The Mornington landscape is immensely beautiful. The Baulk Face Range dominates the central part of the sanctuary. This massive mesa is roughly 30 km in diameter and rises about 150 m above the adjacent terrain. Fitzroy Bluff is a taller but smaller (about 10 km long) mesa standing majestically in the southern portion of the sanctuary, nestled amongst the spectacular King Leopold Ranges to the south, Sir John Range to the East and Lady Forrest Range to the west.
Several permanent rivers (including the Adcock, Traine, and Hann Rivers) flow through the vast savanna plains and drain into the Fitzroy River. These waterways sometimes dissect the terrain for several kilometres to form spectacular vertical-walled gorges such as Dimond Gorge and Sir John Gorge.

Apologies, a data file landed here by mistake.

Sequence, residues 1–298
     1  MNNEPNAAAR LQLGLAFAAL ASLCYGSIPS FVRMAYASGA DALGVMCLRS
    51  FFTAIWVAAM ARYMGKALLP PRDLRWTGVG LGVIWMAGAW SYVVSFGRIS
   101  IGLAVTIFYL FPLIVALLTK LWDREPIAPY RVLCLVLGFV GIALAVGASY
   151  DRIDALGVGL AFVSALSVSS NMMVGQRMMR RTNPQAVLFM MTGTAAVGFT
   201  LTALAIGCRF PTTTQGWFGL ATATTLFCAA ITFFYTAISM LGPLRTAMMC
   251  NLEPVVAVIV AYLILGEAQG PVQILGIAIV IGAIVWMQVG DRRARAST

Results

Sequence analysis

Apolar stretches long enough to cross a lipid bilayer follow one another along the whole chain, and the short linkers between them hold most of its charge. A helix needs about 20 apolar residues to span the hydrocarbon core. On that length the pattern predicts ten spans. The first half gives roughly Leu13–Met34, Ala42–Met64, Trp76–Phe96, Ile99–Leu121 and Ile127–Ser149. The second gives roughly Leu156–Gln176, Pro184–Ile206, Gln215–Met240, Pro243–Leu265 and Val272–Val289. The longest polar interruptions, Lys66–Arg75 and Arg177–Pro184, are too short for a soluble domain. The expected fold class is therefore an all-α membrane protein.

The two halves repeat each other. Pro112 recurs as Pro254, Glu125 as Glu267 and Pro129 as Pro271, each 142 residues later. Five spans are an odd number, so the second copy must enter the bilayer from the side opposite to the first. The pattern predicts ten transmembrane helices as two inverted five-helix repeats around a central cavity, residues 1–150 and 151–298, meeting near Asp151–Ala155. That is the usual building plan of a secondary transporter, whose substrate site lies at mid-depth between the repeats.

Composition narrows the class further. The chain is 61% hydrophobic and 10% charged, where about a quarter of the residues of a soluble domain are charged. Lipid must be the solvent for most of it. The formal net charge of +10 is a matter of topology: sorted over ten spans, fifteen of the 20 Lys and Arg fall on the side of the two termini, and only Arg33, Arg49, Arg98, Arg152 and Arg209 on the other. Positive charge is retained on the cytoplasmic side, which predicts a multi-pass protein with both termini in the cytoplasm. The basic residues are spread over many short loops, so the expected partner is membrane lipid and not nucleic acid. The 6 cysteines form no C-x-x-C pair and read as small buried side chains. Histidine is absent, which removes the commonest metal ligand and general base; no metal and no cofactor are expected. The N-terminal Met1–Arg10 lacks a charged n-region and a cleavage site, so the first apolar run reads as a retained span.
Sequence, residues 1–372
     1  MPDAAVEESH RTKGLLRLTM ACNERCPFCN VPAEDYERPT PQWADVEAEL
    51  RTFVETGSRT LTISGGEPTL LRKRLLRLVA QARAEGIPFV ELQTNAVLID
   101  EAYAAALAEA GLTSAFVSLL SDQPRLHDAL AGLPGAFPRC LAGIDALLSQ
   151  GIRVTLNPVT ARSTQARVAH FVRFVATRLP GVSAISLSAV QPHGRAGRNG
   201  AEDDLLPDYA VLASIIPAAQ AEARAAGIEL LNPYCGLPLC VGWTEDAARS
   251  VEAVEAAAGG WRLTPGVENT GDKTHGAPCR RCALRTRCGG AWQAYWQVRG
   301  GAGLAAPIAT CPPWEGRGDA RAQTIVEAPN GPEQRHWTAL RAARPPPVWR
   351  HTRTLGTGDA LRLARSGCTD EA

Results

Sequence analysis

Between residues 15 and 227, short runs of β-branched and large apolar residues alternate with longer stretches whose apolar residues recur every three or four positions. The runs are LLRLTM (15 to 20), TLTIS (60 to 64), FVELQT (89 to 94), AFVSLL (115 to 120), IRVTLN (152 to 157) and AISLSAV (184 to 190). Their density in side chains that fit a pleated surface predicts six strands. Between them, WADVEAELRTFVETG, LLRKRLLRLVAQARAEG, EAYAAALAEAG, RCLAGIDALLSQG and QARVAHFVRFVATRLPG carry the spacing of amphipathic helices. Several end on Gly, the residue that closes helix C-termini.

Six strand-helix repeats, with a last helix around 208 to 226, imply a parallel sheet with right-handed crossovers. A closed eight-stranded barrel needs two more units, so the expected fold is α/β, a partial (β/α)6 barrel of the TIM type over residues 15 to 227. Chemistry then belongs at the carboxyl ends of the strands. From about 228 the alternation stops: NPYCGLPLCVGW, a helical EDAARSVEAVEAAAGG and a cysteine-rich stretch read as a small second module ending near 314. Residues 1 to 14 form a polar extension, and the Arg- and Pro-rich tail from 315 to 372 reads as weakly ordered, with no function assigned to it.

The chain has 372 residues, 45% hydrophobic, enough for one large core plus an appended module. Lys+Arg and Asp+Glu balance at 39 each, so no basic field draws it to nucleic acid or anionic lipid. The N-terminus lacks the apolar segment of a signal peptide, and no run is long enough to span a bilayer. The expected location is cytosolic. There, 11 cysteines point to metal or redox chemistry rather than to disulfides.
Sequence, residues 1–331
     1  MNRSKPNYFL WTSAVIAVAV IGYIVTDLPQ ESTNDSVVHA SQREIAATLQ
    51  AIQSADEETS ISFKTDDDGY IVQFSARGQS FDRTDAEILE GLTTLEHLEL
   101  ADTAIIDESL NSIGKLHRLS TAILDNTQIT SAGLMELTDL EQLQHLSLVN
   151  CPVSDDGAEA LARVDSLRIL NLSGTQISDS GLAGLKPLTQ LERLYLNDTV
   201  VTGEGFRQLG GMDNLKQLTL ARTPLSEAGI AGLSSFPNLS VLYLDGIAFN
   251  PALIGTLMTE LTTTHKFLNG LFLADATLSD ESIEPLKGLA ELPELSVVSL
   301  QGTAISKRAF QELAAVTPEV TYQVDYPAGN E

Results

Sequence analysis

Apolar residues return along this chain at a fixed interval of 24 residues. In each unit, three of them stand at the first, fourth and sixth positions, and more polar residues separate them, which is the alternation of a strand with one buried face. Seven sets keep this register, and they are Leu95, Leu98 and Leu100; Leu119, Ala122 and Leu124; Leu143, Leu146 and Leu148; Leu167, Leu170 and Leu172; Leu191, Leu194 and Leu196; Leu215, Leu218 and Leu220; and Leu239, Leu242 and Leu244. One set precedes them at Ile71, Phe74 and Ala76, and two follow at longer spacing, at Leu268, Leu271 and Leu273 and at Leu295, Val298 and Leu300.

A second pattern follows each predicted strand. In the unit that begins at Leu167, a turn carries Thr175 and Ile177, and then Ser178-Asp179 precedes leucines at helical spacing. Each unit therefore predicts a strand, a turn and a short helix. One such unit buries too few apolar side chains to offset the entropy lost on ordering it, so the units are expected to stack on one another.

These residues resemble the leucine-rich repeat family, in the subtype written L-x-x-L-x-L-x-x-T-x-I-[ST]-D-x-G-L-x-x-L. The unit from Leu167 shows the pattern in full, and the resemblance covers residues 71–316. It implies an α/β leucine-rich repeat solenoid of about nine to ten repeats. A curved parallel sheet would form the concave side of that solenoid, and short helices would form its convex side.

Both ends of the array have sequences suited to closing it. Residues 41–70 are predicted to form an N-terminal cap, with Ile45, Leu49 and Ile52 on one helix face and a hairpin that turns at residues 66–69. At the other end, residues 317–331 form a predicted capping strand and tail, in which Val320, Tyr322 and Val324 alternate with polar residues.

The dominant habitat of Mornington is tropical savanna. The grasslands are lightly sprinkled with stands of low eucalypts, Kimberley Bauhinia, Acacias, Boabs and native Kapok. On the sandstone ranges and uplands, the savanna grades into very open woodlands with a spinifex understorey. The margins of creeks and rivers are lined with thick riparian vegetation, including pandanus palms, plum trees and river red gums. Pockets of Livistona palms and rainforest thrive in the gullies of the ranges and mesas.
Mornington has an exceptionally interesting geological history. The Kimberley Basin, is a Proterozoic sedimentary basin ranging in age from over 2 billion to 1.7 billion years (that is, prior to the development of life). It received vast amounts of aquatic and terrestrial sediment and volcanic deposits during that period, but has not been inundated by the sea since then. Today, it is a plateau with a dissected surface developed over mostly flat-lying rocks. However, the southern margin of the property is intensely folded where the Kimberley Basin abuts the King Leopold Range (and the associated Sir John and Lady Forrest Ranges).